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The People v. Novak

SUPREME COURT OF ILLINOIS.


OPINION FILED SEPTEMBER 29, 1965.

THE PEOPLE OF THE STATE OF ILLINOIS, APPELLEE,

v.

FRANK NOVAK, APPELLANT.

APPEAL from the Circuit Court of Cook County; the Hon. EDWARD E. PLUSDRAK, Judge, presiding.

MR. JUSTICE HERSHEY DELIVERED THE OPINION OF THE COURT:

Rehearing denied November 18, 1965.

The defendant, Frank Novak, and two others were indicted in the criminal court of Cook County for the theft of two automobiles. Defendant entered a plea of not guilty and made motions to suppress certain evidence, including written and oral statements made while in police custody. Each motion was denied by the court after a hearing. Trial by a jury was waived, and the cause was heard upon stipulation that the evidence heard on the motions to suppress would be the same on trial. Defendant was found guilty and was granted five years probation, with the first six months to be served in the county jail.

On this appeal, defendant urges that his conviction be reversed on the grounds (1) that his arrest was illegal since the arresting officers did not have probable cause to arrest him without a warrant; (2) that since his arrest was illegal, all evidence obtained as a result thereof was illegally obtained and should have been suppressed; (3) that the search of his garage was not incidental to his arrest and thus illegal, such that the articles seized from the garage should have been suppressed; (4) that the trial court erred in not allowing his motions to suppress all statements made by him while in police custody, since the statements were made after he had been repeatedly denied the opportunity to call his wife and an attorney; and (5) that his confessions should have been suppressed, since he was held for 35 hours before being taken before a magistrate.

Police officer James Carroll testified that he and his partner were cruising in a squad car about 3:00 A.M. on August 27, 1963, when they saw a late model automobile pushing another late model car in an alley between Hamlin and Ridgeway streets in Chicago. The car being pushed had no lights on. After the officers had followed the cars for a short distance, the first car pulled to the curb and a man jumped out and entered the second car, which then left at high speed.

The officers returned to the abandoned car and noticed that it had been stripped of its engine and transmission. Upon inspecting the alley where the two automobiles had first been observed, the officers found oil tracings and tire marks which were followed to a garage at 2531 Hamlin Street. Officer Carroll walked through a gangway and saw a side door to the garage open. He shined his flashlight through the door and observed various automobile parts on the floor.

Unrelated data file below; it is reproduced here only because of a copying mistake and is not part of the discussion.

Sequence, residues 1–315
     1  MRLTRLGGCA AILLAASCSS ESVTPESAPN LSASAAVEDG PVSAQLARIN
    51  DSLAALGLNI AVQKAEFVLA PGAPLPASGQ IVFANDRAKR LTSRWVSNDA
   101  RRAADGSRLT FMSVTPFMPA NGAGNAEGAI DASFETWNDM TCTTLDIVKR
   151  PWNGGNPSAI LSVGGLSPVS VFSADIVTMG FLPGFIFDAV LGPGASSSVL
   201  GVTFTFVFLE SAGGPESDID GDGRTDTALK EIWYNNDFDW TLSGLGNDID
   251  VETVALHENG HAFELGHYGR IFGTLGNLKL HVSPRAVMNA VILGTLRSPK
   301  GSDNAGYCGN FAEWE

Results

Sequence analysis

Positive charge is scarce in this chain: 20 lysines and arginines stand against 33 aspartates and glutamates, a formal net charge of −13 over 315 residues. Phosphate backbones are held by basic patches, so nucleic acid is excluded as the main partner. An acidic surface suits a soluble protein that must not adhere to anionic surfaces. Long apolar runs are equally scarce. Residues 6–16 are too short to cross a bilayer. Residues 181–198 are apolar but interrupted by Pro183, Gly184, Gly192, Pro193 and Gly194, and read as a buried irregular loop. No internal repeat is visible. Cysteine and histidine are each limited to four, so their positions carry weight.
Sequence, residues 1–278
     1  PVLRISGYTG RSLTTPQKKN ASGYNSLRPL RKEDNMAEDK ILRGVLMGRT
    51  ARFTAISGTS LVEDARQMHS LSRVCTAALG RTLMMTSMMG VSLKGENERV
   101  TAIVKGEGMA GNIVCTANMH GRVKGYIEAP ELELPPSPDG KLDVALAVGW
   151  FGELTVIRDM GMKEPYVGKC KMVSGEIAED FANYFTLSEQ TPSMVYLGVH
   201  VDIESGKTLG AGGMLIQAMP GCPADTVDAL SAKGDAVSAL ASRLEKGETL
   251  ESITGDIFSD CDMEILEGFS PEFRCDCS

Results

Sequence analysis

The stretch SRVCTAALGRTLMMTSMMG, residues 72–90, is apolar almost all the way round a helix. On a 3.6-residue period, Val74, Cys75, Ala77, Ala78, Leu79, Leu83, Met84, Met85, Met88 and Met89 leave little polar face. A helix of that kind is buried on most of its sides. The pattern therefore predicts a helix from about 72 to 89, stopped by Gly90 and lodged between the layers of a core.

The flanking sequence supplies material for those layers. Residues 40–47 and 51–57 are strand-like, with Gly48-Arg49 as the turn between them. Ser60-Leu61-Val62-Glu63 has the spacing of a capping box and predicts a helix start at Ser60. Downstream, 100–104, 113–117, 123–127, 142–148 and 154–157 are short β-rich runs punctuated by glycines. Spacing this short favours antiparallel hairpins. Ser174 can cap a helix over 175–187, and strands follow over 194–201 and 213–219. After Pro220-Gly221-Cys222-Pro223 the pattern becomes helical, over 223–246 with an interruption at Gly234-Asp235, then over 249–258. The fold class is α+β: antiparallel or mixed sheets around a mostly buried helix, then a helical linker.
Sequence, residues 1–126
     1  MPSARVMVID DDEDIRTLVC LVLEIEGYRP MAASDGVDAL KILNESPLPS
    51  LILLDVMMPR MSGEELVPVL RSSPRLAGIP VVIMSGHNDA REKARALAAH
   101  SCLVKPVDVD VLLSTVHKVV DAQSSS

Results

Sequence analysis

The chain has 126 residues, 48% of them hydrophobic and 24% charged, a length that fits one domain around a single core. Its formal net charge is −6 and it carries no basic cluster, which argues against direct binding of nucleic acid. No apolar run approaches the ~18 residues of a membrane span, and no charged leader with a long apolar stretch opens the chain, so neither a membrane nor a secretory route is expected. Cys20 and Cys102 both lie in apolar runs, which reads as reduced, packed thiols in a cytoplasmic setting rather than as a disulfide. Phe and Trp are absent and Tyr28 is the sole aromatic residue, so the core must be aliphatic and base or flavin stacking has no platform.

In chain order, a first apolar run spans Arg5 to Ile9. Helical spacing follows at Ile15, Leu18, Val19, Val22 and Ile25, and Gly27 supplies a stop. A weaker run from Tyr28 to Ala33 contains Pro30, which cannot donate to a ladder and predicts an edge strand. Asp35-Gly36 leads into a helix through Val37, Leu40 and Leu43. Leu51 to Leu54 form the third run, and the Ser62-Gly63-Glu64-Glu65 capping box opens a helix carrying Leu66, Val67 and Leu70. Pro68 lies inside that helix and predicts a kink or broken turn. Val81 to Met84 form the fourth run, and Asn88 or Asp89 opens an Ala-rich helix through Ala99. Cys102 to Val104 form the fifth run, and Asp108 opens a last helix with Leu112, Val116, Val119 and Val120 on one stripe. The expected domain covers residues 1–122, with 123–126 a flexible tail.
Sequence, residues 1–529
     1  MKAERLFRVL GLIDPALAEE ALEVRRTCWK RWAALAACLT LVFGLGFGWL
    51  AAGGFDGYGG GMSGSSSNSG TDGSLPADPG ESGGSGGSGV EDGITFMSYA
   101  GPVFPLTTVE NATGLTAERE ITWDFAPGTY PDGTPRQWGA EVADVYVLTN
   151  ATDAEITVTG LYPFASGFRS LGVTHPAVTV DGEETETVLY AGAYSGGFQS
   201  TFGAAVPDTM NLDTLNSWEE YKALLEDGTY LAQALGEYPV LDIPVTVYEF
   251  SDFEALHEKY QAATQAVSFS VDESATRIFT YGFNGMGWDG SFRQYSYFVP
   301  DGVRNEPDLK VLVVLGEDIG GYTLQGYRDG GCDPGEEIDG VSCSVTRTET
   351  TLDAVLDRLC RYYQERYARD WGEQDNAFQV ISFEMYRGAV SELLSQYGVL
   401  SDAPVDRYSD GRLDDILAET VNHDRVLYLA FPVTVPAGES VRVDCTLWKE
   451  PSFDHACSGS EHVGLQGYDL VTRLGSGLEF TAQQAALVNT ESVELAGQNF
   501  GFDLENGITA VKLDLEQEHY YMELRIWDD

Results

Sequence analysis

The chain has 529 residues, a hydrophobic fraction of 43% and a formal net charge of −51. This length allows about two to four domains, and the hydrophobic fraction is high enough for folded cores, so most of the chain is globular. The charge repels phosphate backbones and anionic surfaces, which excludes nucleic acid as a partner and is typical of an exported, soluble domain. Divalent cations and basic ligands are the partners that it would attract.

The officers then walked to the front of a nearby house where defendant was sitting on the porch smoking a cigarette. Defendant acknowledged that the garage was rented by him, and accompanied the officers back to the garage where the automobile parts were again viewed. Defendant was then placed in a police car and driven to 25th and Lawndale streets where he was transferred to a patrol truck at about 3:30 A.M. and taken to the Marquette police station. He was there questioned on a number of occasions during which time he made incriminating statements. He was not taken before a magistrate until about 35 hours after his arrest.

Defendant's initial contention that his arrest was illegal is based upon his assertion that the police officers did not have reasonable cause to believe that a crime had been committed and that defendant had committed it. With this contention we do not agree. Reasonable cause to make an arrest does not require that quantum of proof necessary to sustain a conviction. (People v. Brinn, 32 Ill.2d 232, 241; People v. Jones, 31 Ill.2d 42, 46; People v. La Bostrie, 14 Ill.2d 617, 621.) The situation that confronted officer Carroll and his partner in this case was such as would lead a reasonable and prudent police officer to the conclusion that the stripped automobile, which had been hastily abandoned, had probably been stolen and that defendant, who rented and occupied the garage to which the oil and tire marks led, was involved in the theft. We conclude that the arrest without a warrant was lawful. Defendant's contention as to the inadmissibility of all evidence obtained as a result of the alleged unlawful arrest likewise cannot be sustained.